Catalyst 3750 Switch Software Configuration Guide, Cisco IOS Release 15.0(2)SE and Later
Configuring Cisco TrustSec
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Table Of Contents

Configuring Cisco TrustSec

Configuration Guidelines and Limitations

Configuring Cisco TrustSec

Cisco TrustSec provides security improvements to Cisco network devices based on the capability to strongly identify users, hosts, and network devices within a network. TrustSec provides topology-independent and scalable access controls by uniquely classifying data traffic for a particular role. TrustSec ensures data confidentiality and integrity by establishing trust among authenticated peers and encrypting links with those peers.

The key component of Cisco TrustSec is the Cisco Identity Services Engine (ISE). Cisco ISE can provision switches with TrustSec Identities and Security Group ACLs (SGACLs), though these may be configured manually on the switch.

To configure Cisco Trustsec on the switch, see the Cisco TrustSec Switch Configuration Guide at the following URL:

Release notes for Cisco TrustSec General Availability releases are at the following URL:

Additional information about the Cisco TrustSec solution, including overviews, datasheets, and case studies, is available at:

Table 1 lists the TrustSec features to be eventually implemented on TrustSec-enabled Cisco switches. Successive general availability releases of TrustSec will expand the number of switches supported and the number of TrustSec features supported per switch.

See the "Configuration Guidelines and Limitations" section for more information about the limitations of TrustSec features.

Table 1 Cisco TrustSec Key Features

Cisco TrustSec Feature

802.1AE Tagging

Protocol for IEEE 802.1AE-based wire-rate hop-to-hop Layer 2 encryption.

Between MACSec-capable devices, packets are encrypted on egress from the transmitting device, decrypted on ingress to the receiving device, and in the clear within the devices.

This feature is only available between TrustSec hardware-capable devices.

Endpoint Admission Control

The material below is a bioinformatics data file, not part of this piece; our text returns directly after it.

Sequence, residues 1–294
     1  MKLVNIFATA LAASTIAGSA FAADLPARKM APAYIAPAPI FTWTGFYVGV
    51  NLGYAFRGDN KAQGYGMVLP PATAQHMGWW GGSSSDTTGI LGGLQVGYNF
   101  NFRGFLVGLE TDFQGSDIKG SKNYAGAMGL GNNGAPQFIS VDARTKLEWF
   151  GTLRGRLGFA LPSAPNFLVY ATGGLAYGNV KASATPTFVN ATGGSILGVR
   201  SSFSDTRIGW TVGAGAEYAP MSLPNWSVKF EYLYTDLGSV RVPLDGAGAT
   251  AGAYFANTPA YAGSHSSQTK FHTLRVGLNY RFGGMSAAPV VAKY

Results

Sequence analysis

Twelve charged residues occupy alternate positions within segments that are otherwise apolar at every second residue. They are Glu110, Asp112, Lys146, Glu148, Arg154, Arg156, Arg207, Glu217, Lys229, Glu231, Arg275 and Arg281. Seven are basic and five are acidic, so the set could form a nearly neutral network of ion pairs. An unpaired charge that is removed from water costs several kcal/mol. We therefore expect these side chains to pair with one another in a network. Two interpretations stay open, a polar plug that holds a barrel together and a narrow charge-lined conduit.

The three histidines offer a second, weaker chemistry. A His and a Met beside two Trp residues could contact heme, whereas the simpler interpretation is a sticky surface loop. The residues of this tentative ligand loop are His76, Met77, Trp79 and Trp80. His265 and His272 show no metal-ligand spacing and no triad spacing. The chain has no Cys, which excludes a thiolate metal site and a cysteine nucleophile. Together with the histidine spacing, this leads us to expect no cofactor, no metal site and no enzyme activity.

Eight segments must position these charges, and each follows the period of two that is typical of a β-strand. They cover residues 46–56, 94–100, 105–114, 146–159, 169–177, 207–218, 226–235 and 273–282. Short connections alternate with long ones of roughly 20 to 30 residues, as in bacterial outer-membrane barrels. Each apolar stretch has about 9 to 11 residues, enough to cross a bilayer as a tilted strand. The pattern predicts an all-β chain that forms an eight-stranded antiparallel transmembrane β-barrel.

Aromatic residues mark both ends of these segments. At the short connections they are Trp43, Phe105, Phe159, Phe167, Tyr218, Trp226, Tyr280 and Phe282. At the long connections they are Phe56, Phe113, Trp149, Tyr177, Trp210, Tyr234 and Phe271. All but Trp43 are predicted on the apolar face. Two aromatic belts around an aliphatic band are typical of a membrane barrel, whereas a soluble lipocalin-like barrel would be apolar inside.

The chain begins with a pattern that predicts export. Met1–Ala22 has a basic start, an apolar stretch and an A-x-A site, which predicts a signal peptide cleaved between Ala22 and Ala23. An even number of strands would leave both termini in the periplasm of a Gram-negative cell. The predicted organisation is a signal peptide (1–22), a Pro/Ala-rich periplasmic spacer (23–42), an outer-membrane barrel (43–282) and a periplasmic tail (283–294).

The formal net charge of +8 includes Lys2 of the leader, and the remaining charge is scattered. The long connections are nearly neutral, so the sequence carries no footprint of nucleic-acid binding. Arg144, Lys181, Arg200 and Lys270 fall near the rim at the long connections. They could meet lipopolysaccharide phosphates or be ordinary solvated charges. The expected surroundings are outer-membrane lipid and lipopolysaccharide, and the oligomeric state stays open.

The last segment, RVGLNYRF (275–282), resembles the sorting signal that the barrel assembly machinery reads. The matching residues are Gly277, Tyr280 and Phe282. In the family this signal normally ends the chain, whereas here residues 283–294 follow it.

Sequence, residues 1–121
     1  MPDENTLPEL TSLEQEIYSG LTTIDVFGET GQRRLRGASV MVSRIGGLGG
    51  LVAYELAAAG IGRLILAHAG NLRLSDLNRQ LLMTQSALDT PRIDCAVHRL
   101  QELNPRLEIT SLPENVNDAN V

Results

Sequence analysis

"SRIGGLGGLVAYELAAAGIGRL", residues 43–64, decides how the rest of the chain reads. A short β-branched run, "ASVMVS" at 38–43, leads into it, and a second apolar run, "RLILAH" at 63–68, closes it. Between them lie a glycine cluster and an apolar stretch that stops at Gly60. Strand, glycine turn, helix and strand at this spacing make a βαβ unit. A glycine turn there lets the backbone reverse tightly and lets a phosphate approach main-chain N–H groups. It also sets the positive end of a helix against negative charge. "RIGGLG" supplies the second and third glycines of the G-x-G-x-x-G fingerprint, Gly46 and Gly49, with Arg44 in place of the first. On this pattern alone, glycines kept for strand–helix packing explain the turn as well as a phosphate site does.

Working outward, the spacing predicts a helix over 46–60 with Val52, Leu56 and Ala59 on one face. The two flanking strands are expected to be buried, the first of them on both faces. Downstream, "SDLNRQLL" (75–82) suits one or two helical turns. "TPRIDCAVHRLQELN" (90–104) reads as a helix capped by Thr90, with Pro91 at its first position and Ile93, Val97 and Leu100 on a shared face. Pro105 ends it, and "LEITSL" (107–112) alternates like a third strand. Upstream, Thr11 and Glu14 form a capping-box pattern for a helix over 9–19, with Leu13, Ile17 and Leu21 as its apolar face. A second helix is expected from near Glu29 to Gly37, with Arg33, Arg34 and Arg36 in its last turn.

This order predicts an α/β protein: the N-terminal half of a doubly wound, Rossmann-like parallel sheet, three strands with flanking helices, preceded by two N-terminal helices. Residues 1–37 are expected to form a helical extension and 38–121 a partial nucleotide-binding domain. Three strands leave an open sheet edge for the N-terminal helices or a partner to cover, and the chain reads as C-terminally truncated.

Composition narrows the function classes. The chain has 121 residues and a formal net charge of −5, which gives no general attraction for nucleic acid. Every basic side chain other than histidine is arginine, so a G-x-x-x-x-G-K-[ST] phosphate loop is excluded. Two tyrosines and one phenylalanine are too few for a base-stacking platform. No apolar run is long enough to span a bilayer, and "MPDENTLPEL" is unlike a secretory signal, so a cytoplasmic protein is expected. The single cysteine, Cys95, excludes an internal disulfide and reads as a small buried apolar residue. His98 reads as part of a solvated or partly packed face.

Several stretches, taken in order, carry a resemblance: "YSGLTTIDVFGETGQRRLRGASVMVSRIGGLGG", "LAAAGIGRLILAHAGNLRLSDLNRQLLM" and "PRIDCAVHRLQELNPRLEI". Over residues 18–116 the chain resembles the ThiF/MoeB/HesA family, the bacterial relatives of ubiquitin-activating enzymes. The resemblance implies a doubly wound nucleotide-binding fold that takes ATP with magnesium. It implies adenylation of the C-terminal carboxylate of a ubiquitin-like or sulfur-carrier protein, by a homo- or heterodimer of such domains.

EAC is an authentication process for an endpoint user or a device connecting to the TrustSec domain. Usually EAC takes place at the access level switch. Successful authentication and authorization in the EAC process results in Security Group Tag assignment for the user or device. Currently EAC can be 802.1X, MAC Authentication Bypass (MAB), and Web Authentication Proxy (WebAuth).

Network Device Admission Control

NDAC is an authentication process where each network device in the TrustSec domain can verify the credentials and trustworthiness of its peer device. NDAC utilizes an authentication framework based on IEEE 802.1X port-based authentication and uses EAP-FAST as its EAP method. Successful authentication and authorization in NDAC process results in Security Association Protocol negotiation for IEEE 802.1AE encryption.

Security Group Access Control List

A Security Group Access Control List (SGACL) associates a Security Group Tag with a policy. The policy is enforced upon SGT-tagged traffic egressing the TrustSec domain.

Security Association Protocol

After NDAC authentication, the Security Association Protocol (SAP) automatically negotiates keys and the cipher suite for subsequent MACSec link encryption between TrustSec peers. SAP is defined in IEEE 802.11i.

Security Group Tag

An SGT is a 16-bit single label indicating the security classification of a source in the TrustSec domain. It is appended to an Ethernet frame or an IP packet.

SGT Exchange Protocol

Security Group Tag Exchange Protocol (SXP). With SXP, devices that are not TrustSec-hardware-capable can receive SGT attributes for authenticated users or devices from the Cisco Secure Access Control System (ACS). The devices can forward the sourceIP-to-SGT binding to a TrustSec-hardware-capable device for tagging and SGACL enforcement.

Configuration Guidelines and Limitations

The following guidelines and limitations apply to configuring Cisco TrustSec SGT and SGACL:

You cannot statically map an IP-subnet to an SGT. You can only map IP addresses to an SGT. When you configure IP address-to-SGT mappings, the IP address prefix must be 32.

If a port is configured in Multi-Auth mode, all hosts connecting on that port must be assigned the same SGT. When a host tries to authenticate, its assigned SGT must be the same as the SGT assigned to a previously authenticated host. If a host tries to authenticate and its SGT is different from the SGT of a previously authenticated host, the VLAN port (VP) to which these hosts belong is error-disabled.

Cisco TrustSec enforcement is supported only on up to eight VLANs on a VLAN-trunk link. If there are more than eight VLANs configured on a VLAN-trunk link and Cisco TrustSec enforcement is enabled on those VLANs, the switch ports on those VLAN-trunk links will be error-disabled.

The switch can assign SGT and apply corresponding SGACL to end-hosts based on SXP listening only if the end-hosts are Layer2 adjacent to the switch.

Port-to-SGT mapping can be configured only on Cisco TrustSec links (that is, switch-to-switch links). Port-to-SGT mapping cannot be configured on host-to-switch links.

When port-to-SGT mapping is configured on a port, an SGT is assigned to all ingress traffic on that port. There is no SGACL enforcement for egress traffic on the port.